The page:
The population of North Carolina citizens aged 65 and older is growing fast, and that means a heftier price tag for health care in the near future. Medicaid’s bill for North Carolinians 65 and older could almost triple to $6 billion in 2037.
Melanie Bush, deputy director of the Division of Medical Assistance, writes in the current issue of the North Carolina Medical Journal that annual national health care expenditures exceed $3 trillion each year, but the U.S. experiences the highest infant mortality rate and higher rates of chronic disease than its international peers.
Tobacco use is responsible for most preventable deaths and diseases in North Carolina and the country. This is why UNC-Chapel Hill researchers point to tobacco control as a means to reduce health care costs in the current issue of the North Carolina Medical Journal.
The North Carolina Institute of Medicine presented Ben Money, CEO of the N.C. Community Health Center Association (NCCHCA), with the Award for Excellence in Health Policy Leadership at the NCIOM 2017 Annual Meeting today.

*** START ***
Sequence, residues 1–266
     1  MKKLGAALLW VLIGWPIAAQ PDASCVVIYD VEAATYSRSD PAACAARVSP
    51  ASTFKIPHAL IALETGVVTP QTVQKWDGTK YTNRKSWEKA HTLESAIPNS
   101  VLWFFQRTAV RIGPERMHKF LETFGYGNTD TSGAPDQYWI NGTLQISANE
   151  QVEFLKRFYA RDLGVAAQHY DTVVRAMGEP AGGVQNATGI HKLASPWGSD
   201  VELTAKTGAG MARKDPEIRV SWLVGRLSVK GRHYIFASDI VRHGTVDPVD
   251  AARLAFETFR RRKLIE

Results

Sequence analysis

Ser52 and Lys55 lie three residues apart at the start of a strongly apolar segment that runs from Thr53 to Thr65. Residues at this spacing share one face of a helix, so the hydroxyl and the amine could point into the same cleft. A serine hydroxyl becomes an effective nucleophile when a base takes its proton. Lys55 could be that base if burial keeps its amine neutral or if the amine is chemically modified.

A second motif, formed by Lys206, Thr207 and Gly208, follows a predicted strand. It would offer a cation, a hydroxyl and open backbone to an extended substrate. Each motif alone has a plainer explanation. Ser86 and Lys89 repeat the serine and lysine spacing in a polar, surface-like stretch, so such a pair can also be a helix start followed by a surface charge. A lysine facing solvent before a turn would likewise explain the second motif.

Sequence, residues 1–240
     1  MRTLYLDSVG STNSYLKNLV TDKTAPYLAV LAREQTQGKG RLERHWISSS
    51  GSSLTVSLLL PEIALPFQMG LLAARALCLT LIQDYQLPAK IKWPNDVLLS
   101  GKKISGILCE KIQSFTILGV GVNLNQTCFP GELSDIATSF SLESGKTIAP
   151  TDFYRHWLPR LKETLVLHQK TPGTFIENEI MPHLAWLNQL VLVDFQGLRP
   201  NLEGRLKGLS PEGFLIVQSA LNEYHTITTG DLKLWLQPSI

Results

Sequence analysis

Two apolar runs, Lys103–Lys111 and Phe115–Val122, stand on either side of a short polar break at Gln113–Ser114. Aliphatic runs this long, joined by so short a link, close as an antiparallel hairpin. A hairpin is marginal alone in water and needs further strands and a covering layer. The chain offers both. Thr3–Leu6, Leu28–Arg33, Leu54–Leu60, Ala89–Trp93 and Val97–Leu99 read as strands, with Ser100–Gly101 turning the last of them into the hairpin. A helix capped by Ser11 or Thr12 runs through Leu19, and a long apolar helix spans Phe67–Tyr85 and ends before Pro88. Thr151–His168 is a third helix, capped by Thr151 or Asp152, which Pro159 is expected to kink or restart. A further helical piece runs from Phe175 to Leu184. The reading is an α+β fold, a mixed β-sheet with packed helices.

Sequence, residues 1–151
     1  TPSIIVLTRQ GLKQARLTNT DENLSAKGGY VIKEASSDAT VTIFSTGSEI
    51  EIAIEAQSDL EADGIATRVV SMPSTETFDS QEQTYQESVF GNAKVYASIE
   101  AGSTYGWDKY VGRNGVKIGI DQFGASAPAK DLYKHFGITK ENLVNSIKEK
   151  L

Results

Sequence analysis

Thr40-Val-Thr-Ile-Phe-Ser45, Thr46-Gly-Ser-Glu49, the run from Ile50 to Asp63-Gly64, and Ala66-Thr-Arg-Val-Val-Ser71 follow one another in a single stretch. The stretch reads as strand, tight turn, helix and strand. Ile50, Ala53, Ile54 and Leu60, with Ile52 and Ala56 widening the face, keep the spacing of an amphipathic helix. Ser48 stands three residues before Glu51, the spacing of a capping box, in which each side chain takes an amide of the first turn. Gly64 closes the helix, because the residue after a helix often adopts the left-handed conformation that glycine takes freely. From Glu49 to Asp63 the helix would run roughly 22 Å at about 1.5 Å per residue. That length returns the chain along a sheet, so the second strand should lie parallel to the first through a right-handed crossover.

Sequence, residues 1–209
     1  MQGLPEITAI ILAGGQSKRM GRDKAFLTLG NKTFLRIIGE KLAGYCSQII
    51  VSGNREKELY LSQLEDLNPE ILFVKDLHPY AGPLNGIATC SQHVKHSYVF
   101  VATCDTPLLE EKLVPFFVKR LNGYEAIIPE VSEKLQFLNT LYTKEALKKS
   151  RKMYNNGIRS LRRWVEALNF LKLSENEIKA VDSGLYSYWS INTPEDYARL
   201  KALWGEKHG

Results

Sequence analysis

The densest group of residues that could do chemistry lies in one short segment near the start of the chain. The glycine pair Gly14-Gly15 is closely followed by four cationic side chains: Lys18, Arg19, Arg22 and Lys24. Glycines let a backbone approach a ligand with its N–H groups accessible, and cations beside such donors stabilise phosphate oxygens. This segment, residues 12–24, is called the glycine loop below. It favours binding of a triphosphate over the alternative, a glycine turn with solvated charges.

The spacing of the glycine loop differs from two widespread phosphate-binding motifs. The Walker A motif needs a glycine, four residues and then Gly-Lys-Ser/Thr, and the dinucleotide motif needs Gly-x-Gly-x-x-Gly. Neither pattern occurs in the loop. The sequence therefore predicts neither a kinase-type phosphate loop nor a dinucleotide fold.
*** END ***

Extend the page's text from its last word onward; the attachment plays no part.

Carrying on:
According to an issue brief released today by the North Carolina Institute of Medicine (NCIOM), hundreds of thousands of North Carolinians gained health insurance coverage between 2013 and 2015. During that time, state data from the American Community Survey show a 4.7 percentage point decline in the number of uninsured under 65, or 387,000 fewer uninsured North Carolinians.
The North Carolina Institute of Medicine (NCIOM) today published an issue brief reviewing the American Health Care Act passed by the US House of Representatives on May 4, 2017. The AHCA was designed to “repeal and replace” the Patient Protection and Affordable Care Act (ACA), also known as Obamacare, through the Fiscal Year (FY) 2017 budget reconciliation process.